Icing blamed for Canada freighter crash

29 / 09 / 2017

  • Photo credit: Transportation Safety Board of Canada

A report by the Transportation Safety Board of Canada (TSB) blamed ice accumulation and the company practice of operating in icing conditions for the crash of a Cessna 208B Caravan cargo plane.

The pilot was killed on the crash, near Pickle Lake, Ontario, on the morning of 11 December 2015.

The Cessna, operating as Wasaya Airways Limited flight 127, left Pickle Lake Airport, for Angling Lake / Wapekeka Airport, Ontario, with the pilot and a load of cargo on board. Less than 10 minutes into the flight, the aircraft began descending and collided with trees and terrain.

The investigation found that the aircraft performance was consistent with operation in icing conditions that exceeded its capabilities and the high takeoff weight also exacerbated the problem.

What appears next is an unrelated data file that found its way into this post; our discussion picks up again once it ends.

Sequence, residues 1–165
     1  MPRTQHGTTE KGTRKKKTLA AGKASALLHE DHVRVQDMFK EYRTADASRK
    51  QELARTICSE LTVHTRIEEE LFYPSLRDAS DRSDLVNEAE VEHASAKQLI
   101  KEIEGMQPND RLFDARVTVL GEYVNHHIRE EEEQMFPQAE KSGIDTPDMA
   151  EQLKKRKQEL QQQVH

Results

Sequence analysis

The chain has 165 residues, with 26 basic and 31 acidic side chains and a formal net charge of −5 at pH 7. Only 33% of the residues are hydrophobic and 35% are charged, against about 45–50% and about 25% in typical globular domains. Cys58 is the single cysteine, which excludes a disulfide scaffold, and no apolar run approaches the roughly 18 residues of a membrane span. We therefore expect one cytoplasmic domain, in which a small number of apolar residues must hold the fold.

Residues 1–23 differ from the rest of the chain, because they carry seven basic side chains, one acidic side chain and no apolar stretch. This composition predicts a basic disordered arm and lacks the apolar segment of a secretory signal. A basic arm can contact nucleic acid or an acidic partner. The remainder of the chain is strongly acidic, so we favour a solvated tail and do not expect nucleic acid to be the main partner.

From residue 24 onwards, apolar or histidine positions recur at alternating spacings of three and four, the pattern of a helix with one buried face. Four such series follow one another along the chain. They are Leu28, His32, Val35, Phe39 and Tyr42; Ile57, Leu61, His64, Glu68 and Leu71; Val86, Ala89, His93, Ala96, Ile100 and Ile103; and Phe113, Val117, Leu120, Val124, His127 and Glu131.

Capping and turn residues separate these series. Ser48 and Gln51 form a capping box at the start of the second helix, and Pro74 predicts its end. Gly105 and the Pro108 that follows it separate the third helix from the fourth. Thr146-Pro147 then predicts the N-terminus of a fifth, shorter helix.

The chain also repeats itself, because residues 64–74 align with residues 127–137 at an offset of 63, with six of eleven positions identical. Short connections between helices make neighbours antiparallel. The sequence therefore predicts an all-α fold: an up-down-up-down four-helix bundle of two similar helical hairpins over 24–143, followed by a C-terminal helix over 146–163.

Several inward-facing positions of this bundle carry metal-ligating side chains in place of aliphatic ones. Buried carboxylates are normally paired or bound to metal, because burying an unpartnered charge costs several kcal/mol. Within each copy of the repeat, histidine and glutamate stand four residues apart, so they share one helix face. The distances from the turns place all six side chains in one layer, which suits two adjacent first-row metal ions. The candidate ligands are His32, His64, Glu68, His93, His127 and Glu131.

The report also said that the company failed to assess and manage operational risks.

On a statement, TSB  said: “Flying into forecast icing conditions was a company norm although four of the five Cessna 208B aircraft were prohibited from operating in these conditions.”

Pilots also lacked important information and tools for sound decision-making and for safe, efficient operations, it added.

Following the accident, Wasaya increased minimum weather requirements for visual flight rules flights and improved operational flight plan procedures. It also increased the time allocated for technical training on the Cessna, tested a reporting system for icing and revised maintenance for anti-icing treatments.